Peet says her discussions with doctors at once allayed her fears and introduced her to the dangers of skipping vaccinations. It is this platform that she has pushed in recent weeks -- and some of her comments have been a source of ire for those who believe there is a link between childhood vaccinations and autism.
In particular, Peet's "parasite" comment has been a sore spot for many parents who believe in a vaccine-autism link.
Rebecca Estepp, parent support and media relations manager for the advocacy group Talk About Curing Autism (TACA) -- of which McCarthy is a spokeswoman -- says the star's comments were out of line.
"I guess she's calling me a parasite, because I did not vaccinate my second son because of what I saw happened to my first son," says Estepp, who adds that her first child developed autism shortly after his vaccination.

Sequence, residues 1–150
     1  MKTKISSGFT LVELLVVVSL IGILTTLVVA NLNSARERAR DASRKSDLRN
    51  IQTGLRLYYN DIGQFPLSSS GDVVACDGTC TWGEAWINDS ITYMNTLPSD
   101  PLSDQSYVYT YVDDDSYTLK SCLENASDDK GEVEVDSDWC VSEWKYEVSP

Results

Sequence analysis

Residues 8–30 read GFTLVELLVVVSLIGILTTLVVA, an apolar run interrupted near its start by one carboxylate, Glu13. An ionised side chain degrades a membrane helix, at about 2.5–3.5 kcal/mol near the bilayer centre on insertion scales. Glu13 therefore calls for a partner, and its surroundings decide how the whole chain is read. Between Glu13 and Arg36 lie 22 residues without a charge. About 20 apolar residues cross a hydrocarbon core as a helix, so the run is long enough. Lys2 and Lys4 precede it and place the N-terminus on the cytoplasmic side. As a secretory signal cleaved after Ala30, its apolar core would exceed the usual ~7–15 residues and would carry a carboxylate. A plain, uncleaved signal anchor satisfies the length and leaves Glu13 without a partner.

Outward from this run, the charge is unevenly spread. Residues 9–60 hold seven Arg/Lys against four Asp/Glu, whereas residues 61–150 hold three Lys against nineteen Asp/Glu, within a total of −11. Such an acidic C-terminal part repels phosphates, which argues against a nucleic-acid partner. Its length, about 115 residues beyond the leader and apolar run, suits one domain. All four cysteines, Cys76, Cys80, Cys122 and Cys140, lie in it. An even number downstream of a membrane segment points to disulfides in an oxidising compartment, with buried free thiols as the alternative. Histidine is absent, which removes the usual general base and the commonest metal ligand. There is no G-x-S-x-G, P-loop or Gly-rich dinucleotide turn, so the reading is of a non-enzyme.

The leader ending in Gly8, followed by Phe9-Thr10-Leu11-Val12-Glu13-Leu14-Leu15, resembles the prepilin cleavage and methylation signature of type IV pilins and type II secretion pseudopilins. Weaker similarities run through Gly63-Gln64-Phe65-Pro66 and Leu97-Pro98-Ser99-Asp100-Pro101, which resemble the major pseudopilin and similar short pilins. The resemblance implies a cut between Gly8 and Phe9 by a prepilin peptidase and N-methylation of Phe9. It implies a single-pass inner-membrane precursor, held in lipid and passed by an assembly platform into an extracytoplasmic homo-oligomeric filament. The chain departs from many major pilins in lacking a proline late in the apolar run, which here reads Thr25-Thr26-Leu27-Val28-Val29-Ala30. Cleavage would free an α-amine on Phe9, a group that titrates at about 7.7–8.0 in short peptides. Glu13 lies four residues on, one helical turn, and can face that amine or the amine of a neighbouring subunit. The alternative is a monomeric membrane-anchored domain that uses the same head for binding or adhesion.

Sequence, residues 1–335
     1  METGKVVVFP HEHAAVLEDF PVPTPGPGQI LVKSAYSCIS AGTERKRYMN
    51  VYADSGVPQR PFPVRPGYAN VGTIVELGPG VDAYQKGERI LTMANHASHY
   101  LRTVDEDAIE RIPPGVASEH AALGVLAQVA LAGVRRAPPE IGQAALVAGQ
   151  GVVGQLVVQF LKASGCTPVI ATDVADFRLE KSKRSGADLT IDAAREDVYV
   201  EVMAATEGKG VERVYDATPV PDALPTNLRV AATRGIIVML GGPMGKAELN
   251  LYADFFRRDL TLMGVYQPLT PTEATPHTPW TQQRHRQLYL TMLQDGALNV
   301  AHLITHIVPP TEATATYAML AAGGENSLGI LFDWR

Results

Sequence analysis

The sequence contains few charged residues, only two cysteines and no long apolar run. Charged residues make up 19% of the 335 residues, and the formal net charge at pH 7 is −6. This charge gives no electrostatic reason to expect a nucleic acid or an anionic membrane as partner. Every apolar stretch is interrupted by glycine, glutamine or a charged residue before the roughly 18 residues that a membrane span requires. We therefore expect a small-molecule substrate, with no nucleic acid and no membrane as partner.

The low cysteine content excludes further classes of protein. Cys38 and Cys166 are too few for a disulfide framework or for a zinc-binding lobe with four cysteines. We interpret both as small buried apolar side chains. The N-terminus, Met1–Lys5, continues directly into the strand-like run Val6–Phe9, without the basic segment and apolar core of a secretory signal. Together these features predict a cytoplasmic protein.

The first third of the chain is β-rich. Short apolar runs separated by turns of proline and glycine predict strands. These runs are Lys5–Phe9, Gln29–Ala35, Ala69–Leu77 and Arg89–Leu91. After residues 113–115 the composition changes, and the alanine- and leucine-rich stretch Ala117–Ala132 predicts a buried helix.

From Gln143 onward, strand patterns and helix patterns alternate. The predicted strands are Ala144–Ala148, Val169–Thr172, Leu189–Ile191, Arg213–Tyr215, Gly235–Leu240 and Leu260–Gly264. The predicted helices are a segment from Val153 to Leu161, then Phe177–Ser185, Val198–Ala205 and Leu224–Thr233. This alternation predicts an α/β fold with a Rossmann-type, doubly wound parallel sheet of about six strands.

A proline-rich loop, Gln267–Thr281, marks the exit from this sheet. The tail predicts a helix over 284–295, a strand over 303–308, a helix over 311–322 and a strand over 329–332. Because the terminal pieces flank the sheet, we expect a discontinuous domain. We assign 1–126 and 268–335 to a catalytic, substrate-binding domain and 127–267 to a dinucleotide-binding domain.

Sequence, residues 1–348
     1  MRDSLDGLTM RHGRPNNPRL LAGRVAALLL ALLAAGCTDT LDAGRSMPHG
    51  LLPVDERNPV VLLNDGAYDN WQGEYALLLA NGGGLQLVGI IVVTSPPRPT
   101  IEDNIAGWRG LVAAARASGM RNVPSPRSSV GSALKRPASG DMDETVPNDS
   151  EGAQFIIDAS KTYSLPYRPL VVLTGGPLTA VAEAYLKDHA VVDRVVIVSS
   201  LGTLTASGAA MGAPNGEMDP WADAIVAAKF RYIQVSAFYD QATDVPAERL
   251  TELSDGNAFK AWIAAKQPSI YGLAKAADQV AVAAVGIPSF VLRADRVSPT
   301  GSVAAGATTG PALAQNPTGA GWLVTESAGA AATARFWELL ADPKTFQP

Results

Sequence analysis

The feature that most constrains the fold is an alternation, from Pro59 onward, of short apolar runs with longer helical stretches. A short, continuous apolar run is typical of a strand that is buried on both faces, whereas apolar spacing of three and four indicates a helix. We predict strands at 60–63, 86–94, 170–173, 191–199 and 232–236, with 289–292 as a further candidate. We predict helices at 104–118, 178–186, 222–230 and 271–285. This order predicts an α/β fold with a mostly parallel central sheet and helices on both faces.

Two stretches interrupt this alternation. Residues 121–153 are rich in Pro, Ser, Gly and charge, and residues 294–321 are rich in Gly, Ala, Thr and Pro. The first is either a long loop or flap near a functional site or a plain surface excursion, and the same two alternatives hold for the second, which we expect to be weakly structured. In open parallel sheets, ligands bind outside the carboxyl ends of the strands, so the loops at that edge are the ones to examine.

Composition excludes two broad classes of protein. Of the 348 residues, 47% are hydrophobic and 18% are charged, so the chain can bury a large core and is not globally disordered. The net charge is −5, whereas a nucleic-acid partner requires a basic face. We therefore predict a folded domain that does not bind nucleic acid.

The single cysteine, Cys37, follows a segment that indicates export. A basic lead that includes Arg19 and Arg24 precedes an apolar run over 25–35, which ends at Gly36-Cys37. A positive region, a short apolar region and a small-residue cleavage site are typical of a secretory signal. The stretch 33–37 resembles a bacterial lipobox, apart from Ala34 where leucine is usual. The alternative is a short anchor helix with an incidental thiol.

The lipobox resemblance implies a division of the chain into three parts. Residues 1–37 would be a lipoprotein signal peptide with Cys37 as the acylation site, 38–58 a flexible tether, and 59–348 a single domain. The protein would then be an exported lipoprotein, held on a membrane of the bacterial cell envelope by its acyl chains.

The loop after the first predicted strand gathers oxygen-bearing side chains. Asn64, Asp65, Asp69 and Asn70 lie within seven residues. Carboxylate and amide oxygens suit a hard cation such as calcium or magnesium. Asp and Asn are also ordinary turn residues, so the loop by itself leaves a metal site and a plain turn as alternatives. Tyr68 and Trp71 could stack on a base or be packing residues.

While celebrity advocacy of certain health causes is not a new phenomenon, having McCarthy and Peet squaring off over the vaccine debate has taken public interest in the issue to another level.
Dr. Paul Offit, chief of the section of infectious diseases at the Children's Hospital of Philadelphia, says much of this has to do with the fact that the public, as a whole is, in many ways, more eager to listen to celebrities than to researchers.